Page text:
Last week I announced the drive for more good school places at selective schools, free schools and faith schools, alongside others, to meet local demand and to strengthen partnership between independent schools and the state sector. This will build on our investment in creating over 800,000 new schools places since 2010. Great education is all about great teachers, and this month I announced plans for a clearer system of accountability, freeing up teachers to focus on what really matters in the classroom. If children arrive at school struggling with language they are at a disadvantage and that hampers social mobility, as we were just discussing. I have announced two new schemes to help to close the word gap, including a pilot to provide practical tools to parents and funding for local authorities to share good practice.
Currently, Scottish universities receive about £560 million research and development funding from the UK Government. What steps is my right hon. Friend taking to guarantee that investment post-Brexit and to support spin-off companies spreading wealth across the UK?
In the industrial strategy we have set out a long-term ambition to raise UK investment in R&D to 2.4% by 2027, and our guarantee of Horizon 2020 funding for UK participants remains in place.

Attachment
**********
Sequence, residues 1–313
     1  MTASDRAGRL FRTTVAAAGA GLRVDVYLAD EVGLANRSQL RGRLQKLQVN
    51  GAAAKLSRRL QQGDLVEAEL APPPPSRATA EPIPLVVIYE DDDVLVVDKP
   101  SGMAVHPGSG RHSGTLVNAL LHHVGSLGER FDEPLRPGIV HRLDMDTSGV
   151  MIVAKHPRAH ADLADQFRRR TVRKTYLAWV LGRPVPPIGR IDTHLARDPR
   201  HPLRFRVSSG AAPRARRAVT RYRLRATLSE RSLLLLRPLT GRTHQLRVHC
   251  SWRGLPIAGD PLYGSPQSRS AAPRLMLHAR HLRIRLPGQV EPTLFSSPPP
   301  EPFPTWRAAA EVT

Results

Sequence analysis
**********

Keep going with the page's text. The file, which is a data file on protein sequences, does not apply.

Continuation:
A hard Brexit could see Scotland miss out on millions of pounds in European research funding, damaging the success of our universities. The Universities Minister said that we will not participate in Horizon 2020’s successor programme at any price. Will the Secretary of State tell the House how much would be considered too much?
We have to look at this and consider value for money. My hon. Friend the Minister is absolutely right to say “not at any price”. The UK, including Scotland, remains an extremely attractive destination for these research projects.
The Department provides a range of support to schools, including a national deal to help schools to save money on such things as energy, where there is a 10% saving, or photocopiers and other computer equipment, where there are savings of up to 40%. We are also providing buying hub advice in pilots in the north-west and the south-west and a new framework from this September to help to drive down the costs of agency supply staff.
Does the Minister agree that the unintended consequence of the Progress 8 assessment system, as The Times Educational Supplement put it this week, is that all the losers look the same—they are schools in white, working-class areas with high levels of pupil premium. On the current measures, this will result in Ofsted having no choice but to downgrade these schools, compounding the teacher recruitment and retention crisis, and putting off prospective academy sponsors. What action is the Minister taking?
Actually, Progress 8 carries widespread support in the sector. It is a far better method of assessing schools than the previous method—five or more GCSEs of A* to C—because it measures progress and takes into account the starting point of pupils when they start secondary school. We think it is a good measure. We are looking at some of the details of the outliers when we calculate Progress 8, and we will have more to say on that in due course.